Winger by Andrew Smith
Published: May 14th 2013 by Simon & Schuster
Source: ARC from publisher
Synopsis (Goodreads): Ryan Dean West is a fourteen-year-old junior at a boarding school for rich kids. He’s living in Opportunity Hall, the dorm for troublemakers, and rooming with the biggest bully on the rugby team. And he’s madly in love with his best friend Annie, who thinks of him as a little boy.
With the help of his sense of humor, rugby buddies, and his penchant for doodling comics, Ryan Dean manages to survive life’s complications and even find some happiness along the way. But when the unthinkable happens, he has to figure out how to hold on to what’s important, even when it feels like everything has fallen apart.
Filled with hand-drawn info-graphics and illustrations and told in a pitch-perfect voice, this realistic depiction of a teen’s experience strikes an exceptional balance of hilarious and heartbreaking.
My thoughts: Winger by Andrew Smith made me laugh out loud and broke my heart.
Ryan Dean is an awkward 14-year-old boy who is smart enough to have skipped two grades. When he returns for his Junior year at a boarding school in the Pacific Northwest, he’ll be staying in the troublemakers dorm with limited privileges, and a year of hijinks and heartache ensue.
Andrew Smith has completely captured the voice of an adolescent boy. Even though Ryan Dean’s in love with his best friend Annie, he can’t help but notice how attractive every other woman he comes into contact with is. In fact, Ryan Dean can’t help but participated in clandestine make out sessions with his roommate’s hot girlfriend Megan, even though he knows he’ll get pummeled if Chas finds out, and even though he’d rather be with Annie.
Ryan Dean knows he’s a bit uncool and nerdy and awkward, but it only adds to his charm. Even though he gets in trouble and makes bad decisions, he’s at his core a good friend and good person. Though his internal monologue is littered with profanity, he tries to limit the use of cuss words in his speech. Though he’s not above tricking a guy into drinking his piss, he’ll defend his friends in a fight even if it means he gets beat up. At times, I cringed at his thoughts, but in other moments, I found myself smiling ear-to-ear at how endearing he was.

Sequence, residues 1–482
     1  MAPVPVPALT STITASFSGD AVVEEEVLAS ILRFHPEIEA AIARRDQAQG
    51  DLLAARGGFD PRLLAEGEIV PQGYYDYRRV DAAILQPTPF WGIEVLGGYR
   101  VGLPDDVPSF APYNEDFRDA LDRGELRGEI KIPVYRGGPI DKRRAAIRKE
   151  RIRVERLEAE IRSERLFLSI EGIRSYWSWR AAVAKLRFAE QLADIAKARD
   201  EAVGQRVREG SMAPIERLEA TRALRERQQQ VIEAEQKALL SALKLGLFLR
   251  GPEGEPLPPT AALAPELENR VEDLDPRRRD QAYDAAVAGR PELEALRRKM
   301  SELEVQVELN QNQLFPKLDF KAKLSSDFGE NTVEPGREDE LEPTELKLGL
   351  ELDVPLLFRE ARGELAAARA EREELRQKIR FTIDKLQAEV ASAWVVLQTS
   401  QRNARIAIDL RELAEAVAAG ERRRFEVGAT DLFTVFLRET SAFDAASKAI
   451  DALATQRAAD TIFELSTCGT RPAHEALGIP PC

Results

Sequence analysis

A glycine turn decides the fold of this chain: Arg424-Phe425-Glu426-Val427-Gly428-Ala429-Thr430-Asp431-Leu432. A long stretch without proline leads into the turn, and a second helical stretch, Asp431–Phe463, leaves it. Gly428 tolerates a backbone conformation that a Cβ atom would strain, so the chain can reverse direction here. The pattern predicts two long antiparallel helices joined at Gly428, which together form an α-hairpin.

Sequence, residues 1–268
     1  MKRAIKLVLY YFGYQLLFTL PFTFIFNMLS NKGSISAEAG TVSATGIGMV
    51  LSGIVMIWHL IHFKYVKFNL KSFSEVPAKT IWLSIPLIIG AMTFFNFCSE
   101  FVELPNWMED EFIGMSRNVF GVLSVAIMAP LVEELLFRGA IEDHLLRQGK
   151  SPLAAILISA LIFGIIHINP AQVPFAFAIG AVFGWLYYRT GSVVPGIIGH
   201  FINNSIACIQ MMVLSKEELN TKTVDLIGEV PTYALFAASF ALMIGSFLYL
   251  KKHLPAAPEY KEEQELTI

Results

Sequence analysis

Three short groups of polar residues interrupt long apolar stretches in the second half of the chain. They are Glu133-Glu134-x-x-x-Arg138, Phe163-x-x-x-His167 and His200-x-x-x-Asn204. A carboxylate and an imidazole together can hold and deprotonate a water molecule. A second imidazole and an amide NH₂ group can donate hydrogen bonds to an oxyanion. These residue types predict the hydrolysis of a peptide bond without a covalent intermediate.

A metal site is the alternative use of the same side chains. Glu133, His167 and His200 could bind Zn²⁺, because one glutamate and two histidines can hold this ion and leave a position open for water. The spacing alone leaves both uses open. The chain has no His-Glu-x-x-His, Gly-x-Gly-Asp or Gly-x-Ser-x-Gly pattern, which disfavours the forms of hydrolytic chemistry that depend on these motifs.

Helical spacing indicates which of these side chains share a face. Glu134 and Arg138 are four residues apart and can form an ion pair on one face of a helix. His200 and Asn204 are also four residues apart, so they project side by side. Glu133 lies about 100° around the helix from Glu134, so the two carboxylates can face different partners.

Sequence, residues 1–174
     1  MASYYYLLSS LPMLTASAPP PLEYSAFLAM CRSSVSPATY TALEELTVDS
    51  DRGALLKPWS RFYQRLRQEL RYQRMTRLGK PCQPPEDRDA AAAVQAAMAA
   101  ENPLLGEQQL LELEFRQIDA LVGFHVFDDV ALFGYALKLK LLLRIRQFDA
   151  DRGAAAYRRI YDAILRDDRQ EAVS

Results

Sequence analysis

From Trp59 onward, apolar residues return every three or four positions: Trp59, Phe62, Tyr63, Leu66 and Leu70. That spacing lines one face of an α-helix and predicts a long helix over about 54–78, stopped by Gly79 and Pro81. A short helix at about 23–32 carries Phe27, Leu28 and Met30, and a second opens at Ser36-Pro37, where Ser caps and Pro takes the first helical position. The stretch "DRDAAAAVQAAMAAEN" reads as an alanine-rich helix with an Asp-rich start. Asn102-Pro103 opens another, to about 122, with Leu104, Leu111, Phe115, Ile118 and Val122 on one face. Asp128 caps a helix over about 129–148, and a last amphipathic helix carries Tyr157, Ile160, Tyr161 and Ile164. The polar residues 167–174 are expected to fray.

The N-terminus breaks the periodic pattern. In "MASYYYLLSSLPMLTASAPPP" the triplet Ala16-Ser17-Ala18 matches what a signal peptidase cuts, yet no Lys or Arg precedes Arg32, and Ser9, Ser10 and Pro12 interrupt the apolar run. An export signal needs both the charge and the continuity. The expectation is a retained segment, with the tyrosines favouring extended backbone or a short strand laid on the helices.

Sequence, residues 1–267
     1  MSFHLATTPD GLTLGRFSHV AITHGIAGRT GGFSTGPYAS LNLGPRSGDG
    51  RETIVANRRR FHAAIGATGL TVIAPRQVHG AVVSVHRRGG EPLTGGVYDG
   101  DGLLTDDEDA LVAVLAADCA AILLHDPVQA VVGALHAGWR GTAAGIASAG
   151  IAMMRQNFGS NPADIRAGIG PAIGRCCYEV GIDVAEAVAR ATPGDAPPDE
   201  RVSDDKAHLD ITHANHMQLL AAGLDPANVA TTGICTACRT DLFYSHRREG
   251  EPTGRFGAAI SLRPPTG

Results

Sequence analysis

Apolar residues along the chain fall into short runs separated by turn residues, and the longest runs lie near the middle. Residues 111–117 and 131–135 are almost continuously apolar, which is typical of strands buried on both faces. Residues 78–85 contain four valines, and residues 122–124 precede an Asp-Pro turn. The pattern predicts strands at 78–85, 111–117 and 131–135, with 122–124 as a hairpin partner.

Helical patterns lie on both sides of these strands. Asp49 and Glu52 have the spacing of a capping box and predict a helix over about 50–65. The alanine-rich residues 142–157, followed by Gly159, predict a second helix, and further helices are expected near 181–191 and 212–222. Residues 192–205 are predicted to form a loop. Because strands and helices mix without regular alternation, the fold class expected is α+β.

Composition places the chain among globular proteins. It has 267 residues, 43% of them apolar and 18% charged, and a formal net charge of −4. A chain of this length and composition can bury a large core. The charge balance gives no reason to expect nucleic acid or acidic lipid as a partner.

Though Ryan Dean is definitely heterosexual (he can’t stop thinking about girls) his best friend Joey is gay, and out. This plays an important role in the story, because while lots of people are accepting, some of his rugby teammates are not. Joey is not your stereotypical gay sidekick; he’s a fully formed character with whom readers will relate. While I still would like to see more of a range with regards to queer characters in YA lit, I was glad to have such a well-rendered gay character whose story arc is not about coming out.
The chapters are peppered with Ryan Dean’s hand drawn comics that are utterly adorable as well as charts and perhaps Ryan Dean’s favorite communication tool, the Venn diagram. I love books that feature illustrations, and they have high appeal for teens, too.
This is a leisurely paced and character-driven novel; while I was entertained throughout, I did find myself wondering what the main conflict was and what the “point” of the story would be. My only complaint about the novel would be that the climax comes too late and not enough time is spent on resolution. I went from laughing at the crude jokes about bodily functions and body parts, to crying when the realization of what had happened hit me.
Recommended for fans of:
Looking for Alaska by John Green (my review)
Perks of Being a Wallflower by Stephen Chobsky (my review)
Rebecca from Crunchings and Munchings: “Ryan Dean’s humor is always paired with desperate humiliation or neurotic dread, making every paragraph a complicated portrait of a fascinating character. I loved getting to know him and I even (embarrassingly) found myself thinking, at one point, “hot damn, I can’t wait to see what an amazing grown up Ryan Dean is going to be.”
Magan from Rather Be Reading: “Andrew Smith taps into the mind of Ryan Dean so well — he’s funny and a little perverted, but very self-aware and insecure, too. Shamefully, I was a bit nervous about reading from a 14-year-old boy’s perspective. I’m a girl who likes the older, more mature YA books. Never fear! His age didn’t turn out to be a problem for me at all. In fact, I sometimes had to remind myself he was so young.”